Amid the architectural harmonies of Oxford’s dreaming spires, in a high-profile site opposite the grade I-listed Keble College Chapel, Rob Cooper sank a 10-storey tower clad in bronze, glass and copper halfway into the earth so that physicists could probe the most basic properties of nature.
The technical difficulties were immense. Within five storeys of basement – extending 17 metres down, they were the city’s deepest, and adjacent to an existing building – Rob had to construct structurally isolated ‘black box’ lab spaces. Not only did the highly serviced labs have to allow temperature control to a tolerance of +/-0.1 degrees, they had to observe the most stringent of vibration isolation criteria for nano-scale experiments that are otherwise sensitive enough to be affected by minute tremors from the M40 motorway, a mere nine miles away.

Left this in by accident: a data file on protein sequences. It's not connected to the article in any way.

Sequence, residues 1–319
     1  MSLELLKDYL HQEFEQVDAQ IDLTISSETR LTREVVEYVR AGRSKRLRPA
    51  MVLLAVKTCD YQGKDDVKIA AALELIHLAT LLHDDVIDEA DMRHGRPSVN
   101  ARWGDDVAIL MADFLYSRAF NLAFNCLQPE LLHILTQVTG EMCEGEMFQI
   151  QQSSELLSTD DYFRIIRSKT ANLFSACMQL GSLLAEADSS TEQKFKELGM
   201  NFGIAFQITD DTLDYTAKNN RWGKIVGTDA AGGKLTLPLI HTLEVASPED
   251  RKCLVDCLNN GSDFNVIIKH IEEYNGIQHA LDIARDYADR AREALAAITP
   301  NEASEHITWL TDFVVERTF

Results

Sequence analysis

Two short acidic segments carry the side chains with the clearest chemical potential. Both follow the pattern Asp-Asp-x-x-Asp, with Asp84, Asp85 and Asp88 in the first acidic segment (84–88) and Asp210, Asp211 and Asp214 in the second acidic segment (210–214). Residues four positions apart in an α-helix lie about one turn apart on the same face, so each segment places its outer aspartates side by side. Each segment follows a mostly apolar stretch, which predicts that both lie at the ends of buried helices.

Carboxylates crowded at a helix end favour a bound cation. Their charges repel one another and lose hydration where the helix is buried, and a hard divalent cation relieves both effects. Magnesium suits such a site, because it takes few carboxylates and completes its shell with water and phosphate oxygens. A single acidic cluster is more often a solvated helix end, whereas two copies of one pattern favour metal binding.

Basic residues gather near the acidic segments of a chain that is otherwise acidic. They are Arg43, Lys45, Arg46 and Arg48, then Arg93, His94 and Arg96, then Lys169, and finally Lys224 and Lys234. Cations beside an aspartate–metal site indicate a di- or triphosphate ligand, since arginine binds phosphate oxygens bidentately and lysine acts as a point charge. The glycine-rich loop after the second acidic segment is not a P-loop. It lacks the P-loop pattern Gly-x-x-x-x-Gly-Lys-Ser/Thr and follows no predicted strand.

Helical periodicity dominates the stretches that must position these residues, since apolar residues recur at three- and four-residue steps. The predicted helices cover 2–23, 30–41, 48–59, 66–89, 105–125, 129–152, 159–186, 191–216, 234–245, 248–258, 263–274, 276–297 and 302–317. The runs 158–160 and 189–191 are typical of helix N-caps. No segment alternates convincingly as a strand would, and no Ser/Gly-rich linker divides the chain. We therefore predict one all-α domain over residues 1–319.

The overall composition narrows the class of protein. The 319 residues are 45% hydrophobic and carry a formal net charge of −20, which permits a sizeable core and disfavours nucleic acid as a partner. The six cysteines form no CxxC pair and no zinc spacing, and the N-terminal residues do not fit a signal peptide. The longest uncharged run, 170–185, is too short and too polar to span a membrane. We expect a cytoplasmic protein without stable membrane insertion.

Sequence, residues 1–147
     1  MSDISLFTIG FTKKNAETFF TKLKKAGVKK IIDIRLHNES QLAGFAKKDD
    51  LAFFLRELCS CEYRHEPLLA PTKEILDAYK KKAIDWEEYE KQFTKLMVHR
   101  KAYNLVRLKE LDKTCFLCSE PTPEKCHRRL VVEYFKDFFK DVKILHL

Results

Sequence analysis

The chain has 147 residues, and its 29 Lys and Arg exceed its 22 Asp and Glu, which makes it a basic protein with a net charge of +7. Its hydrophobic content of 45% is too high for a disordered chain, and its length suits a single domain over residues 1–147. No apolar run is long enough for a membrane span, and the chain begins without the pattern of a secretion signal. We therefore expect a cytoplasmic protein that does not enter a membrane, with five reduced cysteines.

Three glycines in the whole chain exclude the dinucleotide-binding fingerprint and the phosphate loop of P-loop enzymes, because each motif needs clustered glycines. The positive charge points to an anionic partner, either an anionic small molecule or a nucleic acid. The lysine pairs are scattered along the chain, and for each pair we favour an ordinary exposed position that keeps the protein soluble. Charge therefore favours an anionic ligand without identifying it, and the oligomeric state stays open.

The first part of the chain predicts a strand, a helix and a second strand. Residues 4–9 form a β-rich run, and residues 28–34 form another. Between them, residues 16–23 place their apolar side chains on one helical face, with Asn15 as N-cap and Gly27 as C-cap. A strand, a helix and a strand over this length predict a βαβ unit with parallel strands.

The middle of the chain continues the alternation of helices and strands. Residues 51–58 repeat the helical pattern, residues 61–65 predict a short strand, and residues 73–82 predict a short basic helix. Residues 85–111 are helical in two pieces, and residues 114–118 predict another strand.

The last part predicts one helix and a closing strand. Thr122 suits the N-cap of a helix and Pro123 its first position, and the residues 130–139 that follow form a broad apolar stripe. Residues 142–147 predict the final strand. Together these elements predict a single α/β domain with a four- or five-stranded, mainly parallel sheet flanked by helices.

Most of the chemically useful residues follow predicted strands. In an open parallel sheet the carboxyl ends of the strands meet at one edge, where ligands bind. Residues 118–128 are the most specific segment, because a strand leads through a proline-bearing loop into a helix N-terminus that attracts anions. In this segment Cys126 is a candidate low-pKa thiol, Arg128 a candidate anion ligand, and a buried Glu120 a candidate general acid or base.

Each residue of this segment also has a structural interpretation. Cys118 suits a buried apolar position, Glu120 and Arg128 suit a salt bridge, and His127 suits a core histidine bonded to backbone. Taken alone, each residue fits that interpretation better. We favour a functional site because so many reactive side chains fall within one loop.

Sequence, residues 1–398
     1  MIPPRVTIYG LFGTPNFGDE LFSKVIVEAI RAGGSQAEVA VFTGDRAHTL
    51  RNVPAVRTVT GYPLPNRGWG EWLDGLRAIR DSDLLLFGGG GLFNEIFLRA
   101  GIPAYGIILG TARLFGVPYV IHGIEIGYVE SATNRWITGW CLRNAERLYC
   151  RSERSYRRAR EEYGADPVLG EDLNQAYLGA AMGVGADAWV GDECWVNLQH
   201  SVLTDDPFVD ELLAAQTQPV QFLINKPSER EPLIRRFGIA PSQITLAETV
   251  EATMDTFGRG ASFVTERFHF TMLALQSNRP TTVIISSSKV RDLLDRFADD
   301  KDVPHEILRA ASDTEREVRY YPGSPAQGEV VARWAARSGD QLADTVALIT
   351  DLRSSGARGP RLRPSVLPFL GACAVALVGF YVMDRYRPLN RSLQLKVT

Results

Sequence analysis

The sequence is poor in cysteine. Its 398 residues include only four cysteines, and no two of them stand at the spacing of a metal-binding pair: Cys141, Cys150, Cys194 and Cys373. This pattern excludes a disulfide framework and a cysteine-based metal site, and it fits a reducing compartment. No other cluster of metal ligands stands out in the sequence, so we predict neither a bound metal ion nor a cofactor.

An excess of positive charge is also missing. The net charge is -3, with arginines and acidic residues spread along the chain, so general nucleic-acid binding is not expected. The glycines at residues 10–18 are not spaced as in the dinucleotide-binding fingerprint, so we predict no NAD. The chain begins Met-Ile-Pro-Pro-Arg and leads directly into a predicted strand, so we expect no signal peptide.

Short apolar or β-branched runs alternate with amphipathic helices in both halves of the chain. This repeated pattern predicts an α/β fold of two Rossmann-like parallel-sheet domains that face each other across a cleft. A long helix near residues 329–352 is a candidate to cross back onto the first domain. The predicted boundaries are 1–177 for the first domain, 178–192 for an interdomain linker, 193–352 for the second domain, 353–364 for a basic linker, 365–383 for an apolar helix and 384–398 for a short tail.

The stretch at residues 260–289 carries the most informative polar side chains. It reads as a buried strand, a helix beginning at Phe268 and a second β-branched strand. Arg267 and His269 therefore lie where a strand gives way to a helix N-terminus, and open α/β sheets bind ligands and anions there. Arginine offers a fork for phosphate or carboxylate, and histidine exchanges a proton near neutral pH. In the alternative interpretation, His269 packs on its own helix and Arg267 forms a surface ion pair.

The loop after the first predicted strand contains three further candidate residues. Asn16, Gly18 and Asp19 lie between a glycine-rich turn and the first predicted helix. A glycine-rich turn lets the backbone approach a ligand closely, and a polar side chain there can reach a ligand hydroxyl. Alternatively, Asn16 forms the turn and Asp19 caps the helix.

By modelling the building, closely monitoring the installation, constantly undertaking vibration tests at agreed hold points with a specialist, he proved his installation met the brief. He even got the temperature control tolerance in the labs down to a remarkable +/-0.02 degrees.
His clever value engineering delivered the cost plan. For example, he changing the main balustrade material from solid oak to solid tulipwood, staining it to achieve the desired effect, while a simple change in pinboard material realised savings that ensured another change could go ahead.
And it wasn’t just the technical challenge he overcame. Six months before handover, the joinery supplier’s factory burned to the ground, along with timber items manufactured for the project. To help get the factory back up and running, and resupply project materials, Rob brought his supply chain to the stricken joiner’s aid so effectively that the scheme was able to reduce the time lost to just three months. He finished the project on time and on budget to a fanfare of praise for its quality.